Thursday, 5 June 2014

My favourite smutty limerick


From memory, from the New Oxford Book of Light Verse edited by Kingsley Amis - supposedly by "Anon" but it has Amis's fingerprints all over it.

A vice most obscene and unsavoury
Holds the Bishop of Balham in slavery.
To hideous howls
He rogers young owls
Which he keeps in an underground aviary.



  1. My favorite limericks are from Edward Gorey, e.g.:

    To his clubfooted son said Lord Stipple,
    As he poured his postprandial tipple,
    "Your mother's behavior,
    Pained Our Lord Savior,
    And that's why He made you a cripple."

  2. @JP - not to my taste. The fourth line lacks smooth scansion and the joke isn't whimsical in the way I prefer.

  3. From memory, my grandmother used to recite some really un-PC ones:

    The poor but honest Hindu
    He does the work he can do
    He sticks to caste
    From first to last
    And for pants, he lets his skin do

    I’m pretty sure Kipling didn’t write it but it was definitely from a different time.

  4. @BB - Qua limerick, it doesn't yet scan - needs more work. But it might be made good. For starters, the first line would need to go Ti-tuppi-tee tuppi Hin-DOO with the stress on doo.

    My general feeling is that light verse needs to be technically perfect to be good - especially in terms of rhythm. WS Gilbert, AA Milne, Lewis Carroll etc.

  5. I have wept in the night
    For the shortness of sight
    That to somebody’s need made me blind;
    But I never have yet
    Felt a tinge of regret
    For being a little too kind.

    Not so much smutty as sweet. From Love - the essence of the Gospel by President Thomas Monson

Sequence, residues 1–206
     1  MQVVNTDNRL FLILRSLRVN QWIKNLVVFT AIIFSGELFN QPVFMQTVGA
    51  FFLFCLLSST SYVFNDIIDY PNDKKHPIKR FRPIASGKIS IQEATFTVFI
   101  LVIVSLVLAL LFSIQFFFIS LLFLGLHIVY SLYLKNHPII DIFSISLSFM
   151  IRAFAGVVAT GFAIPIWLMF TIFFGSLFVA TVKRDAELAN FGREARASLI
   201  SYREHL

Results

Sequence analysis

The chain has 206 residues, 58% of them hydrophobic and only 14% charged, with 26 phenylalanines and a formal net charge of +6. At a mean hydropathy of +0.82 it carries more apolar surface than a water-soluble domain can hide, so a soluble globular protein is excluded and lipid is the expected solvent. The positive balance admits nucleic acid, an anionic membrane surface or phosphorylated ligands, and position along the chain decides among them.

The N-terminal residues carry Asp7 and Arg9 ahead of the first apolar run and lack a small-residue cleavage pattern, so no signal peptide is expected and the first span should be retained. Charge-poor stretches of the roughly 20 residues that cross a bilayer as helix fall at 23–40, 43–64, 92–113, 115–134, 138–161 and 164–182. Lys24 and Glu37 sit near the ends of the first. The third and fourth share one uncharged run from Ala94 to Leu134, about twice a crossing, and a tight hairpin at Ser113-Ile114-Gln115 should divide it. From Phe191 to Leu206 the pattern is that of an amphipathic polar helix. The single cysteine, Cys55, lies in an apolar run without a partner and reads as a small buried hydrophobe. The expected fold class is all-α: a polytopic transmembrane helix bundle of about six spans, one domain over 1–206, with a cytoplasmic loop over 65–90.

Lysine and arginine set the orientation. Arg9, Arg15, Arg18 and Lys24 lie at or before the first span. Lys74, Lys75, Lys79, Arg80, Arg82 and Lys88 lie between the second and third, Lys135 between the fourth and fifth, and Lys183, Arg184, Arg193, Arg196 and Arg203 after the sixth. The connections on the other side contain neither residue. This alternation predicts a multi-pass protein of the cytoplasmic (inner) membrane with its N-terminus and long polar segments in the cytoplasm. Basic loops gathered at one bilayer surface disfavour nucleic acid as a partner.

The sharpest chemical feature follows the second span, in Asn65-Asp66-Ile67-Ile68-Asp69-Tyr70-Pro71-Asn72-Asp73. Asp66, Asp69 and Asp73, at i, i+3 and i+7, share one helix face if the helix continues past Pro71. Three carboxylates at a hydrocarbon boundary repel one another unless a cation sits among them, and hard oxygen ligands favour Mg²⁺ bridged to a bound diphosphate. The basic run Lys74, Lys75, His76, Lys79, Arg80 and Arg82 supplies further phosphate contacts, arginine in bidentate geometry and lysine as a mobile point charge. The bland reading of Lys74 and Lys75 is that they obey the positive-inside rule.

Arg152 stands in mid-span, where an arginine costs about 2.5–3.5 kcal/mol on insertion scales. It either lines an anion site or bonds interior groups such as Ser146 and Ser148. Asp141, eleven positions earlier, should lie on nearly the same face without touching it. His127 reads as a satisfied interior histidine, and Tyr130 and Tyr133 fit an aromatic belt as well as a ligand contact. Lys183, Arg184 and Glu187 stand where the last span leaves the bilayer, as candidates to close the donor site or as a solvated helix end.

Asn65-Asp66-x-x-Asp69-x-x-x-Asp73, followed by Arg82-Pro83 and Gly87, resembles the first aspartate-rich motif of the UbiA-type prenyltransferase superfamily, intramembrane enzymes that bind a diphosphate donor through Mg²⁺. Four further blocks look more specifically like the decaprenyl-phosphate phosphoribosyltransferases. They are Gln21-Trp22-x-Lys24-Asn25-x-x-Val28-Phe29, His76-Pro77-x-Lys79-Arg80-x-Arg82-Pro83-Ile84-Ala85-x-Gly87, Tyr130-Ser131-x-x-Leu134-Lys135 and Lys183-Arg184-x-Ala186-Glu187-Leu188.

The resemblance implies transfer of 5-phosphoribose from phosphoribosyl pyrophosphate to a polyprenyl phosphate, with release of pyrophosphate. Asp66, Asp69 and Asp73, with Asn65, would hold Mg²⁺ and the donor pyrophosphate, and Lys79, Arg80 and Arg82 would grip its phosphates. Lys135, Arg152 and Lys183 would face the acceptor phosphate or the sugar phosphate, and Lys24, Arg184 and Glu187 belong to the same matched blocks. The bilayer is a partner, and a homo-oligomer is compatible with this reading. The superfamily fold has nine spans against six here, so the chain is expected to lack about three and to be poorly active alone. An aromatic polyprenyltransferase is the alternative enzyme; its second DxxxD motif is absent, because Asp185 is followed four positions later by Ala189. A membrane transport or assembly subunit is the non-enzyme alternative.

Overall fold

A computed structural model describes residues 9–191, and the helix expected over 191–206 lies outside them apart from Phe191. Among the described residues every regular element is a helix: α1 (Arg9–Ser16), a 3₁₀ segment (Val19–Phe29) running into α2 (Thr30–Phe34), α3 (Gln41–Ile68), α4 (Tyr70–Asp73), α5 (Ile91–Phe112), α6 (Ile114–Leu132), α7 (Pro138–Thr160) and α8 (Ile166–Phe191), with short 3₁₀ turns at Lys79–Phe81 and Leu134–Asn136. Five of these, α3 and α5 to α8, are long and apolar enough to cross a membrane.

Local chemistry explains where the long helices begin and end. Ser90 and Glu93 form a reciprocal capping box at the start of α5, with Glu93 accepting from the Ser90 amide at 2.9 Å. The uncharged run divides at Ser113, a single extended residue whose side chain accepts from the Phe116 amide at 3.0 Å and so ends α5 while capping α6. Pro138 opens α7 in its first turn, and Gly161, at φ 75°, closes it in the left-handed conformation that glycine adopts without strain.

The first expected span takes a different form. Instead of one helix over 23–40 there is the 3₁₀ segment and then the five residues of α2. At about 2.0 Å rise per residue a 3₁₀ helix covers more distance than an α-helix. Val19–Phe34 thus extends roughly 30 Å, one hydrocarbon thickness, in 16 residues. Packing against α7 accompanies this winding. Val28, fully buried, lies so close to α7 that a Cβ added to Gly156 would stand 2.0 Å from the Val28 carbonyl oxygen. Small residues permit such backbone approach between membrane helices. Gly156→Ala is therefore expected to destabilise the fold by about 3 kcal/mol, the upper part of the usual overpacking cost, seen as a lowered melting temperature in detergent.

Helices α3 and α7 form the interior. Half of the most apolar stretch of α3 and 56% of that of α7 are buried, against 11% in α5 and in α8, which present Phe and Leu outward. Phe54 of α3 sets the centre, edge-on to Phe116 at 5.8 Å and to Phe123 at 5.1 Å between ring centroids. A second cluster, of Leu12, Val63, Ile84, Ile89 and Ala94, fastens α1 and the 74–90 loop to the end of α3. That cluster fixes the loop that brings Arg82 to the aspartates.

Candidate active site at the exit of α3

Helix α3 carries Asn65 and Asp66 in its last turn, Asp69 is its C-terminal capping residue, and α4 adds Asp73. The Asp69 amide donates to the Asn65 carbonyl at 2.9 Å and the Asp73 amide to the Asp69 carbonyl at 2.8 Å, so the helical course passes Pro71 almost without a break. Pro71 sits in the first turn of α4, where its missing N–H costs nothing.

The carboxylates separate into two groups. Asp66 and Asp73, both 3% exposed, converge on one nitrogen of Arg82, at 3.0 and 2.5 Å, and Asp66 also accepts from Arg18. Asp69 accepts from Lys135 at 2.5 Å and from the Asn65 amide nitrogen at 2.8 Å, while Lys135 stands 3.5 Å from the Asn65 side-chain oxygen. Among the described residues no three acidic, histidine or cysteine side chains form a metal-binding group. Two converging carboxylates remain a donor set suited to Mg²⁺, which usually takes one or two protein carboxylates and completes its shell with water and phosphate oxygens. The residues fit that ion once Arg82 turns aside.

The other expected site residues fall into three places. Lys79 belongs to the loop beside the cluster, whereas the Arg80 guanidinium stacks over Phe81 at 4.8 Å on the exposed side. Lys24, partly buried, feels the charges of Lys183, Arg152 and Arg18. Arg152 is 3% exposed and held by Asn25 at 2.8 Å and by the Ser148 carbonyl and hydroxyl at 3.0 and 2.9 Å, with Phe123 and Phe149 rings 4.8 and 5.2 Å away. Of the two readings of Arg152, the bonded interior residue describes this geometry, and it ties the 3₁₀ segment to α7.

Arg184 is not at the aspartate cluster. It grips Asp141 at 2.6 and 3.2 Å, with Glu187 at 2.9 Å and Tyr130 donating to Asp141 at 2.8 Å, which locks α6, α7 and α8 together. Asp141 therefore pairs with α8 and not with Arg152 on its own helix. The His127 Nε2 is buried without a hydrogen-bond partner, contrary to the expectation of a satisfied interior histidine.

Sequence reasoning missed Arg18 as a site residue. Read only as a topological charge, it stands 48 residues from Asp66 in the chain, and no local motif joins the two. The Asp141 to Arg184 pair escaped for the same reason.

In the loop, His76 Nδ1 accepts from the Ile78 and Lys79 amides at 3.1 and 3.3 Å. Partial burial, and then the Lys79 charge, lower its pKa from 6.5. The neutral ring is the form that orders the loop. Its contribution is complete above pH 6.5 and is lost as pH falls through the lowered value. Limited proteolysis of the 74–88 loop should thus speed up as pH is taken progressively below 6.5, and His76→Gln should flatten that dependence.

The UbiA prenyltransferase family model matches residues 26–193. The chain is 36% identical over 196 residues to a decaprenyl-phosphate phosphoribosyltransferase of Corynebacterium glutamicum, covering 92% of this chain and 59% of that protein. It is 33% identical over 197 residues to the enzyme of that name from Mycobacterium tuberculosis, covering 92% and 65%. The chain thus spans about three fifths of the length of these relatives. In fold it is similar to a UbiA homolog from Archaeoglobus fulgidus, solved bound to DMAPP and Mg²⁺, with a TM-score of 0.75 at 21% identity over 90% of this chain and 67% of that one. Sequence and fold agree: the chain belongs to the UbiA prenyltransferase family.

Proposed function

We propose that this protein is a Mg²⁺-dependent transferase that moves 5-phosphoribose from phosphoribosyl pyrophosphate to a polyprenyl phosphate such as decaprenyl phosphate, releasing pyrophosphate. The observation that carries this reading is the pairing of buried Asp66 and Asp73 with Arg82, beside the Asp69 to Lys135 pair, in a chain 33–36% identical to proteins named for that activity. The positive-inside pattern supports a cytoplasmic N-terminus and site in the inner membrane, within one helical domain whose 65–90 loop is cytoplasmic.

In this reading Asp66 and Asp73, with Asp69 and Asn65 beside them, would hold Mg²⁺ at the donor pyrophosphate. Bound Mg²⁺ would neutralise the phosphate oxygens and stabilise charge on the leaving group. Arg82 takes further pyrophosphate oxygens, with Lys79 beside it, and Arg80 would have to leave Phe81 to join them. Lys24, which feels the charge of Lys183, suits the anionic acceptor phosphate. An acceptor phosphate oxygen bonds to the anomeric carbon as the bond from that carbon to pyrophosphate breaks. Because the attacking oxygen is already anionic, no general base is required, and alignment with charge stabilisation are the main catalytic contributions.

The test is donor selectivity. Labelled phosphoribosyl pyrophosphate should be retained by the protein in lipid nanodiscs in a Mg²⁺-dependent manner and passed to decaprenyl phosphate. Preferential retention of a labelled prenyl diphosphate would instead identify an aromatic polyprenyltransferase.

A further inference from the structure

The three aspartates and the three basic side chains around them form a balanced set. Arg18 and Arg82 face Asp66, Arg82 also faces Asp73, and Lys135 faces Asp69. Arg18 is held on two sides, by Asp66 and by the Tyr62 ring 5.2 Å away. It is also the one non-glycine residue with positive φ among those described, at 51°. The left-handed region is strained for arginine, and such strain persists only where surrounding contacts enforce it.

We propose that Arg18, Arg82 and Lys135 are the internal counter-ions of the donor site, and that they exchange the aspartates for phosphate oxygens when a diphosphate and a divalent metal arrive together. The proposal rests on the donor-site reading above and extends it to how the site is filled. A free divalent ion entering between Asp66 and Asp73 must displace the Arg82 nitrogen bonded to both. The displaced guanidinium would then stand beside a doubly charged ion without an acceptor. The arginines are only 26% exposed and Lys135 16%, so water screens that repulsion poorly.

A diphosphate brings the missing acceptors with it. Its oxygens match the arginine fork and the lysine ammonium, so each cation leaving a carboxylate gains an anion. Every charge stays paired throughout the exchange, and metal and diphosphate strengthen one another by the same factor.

6. Unfortunately it doesn't work in America, where "aviary" doesn't rhyme with the other two words.

  7. Nicholas Fulford6 June 2014 at 02:24

    There was a young lady named Bright,
    Whose speed was far faster than light.
    She set off one day
    in a relative way,
    and returned on the previous night.

    To her friends said the Bright one in chatter:
    "I have learned something new about matter.
    My speed was so great,
    much increased was my weight,
    yet I failed to become any fatter.

  8. @WmJas - See my remarks on poetry being untranslatable ;-)

  9. JP,

    The penultimate line to your quoted Gorey limerick should read:

    "Gave pain to our Saviour"

    Prof. Charlton,

    My favorite limerick is by W.H. Auden, and goes:

    As the poets have mournfully sung,
    Death takes the innocent young,
    The rolling-in-money,
    The screamingly-funny,
    And those who are very well hung.


  10. There once was an X from place B,
    That satisfied predicate P,
    He or she did thing A,
    In an adjective way,
    Resulting in circumstance C.

  11. @WmJas - That's very good!

    Why not post it on your blog? - or I'll do it here?

  12. It's not mine. I read it somewhere; I don't remember where.

  13. This is a brilliant subversion - and is also smutty in a double-entendre/ 'Carry On' movie kind of way:

    There once was a maid from Madras
    Who had a magnificent ass.
    Not rounded and pink,
    As you’d possibly think;
    It was grey, had long ears, and ate grass.

  14. From Elijah Armstrong:


    "I'm also very fond of Gilbert's anti-limerick:

    There was an old man from St. Bees
    Who was stung in the arm by a wasp.
    When they asked "Does it hurt?"
    He replied "No it doesn't,
    "But I thought all the while 'twas a hornet."

    I wrote this one about Howard Gardner:

    There once was a fellow named Gardner
    Whose theory was quite a non-stardner.
    He said, "There's no g,
    "There's not one, two or three
    "But nine ways that you can be smardner."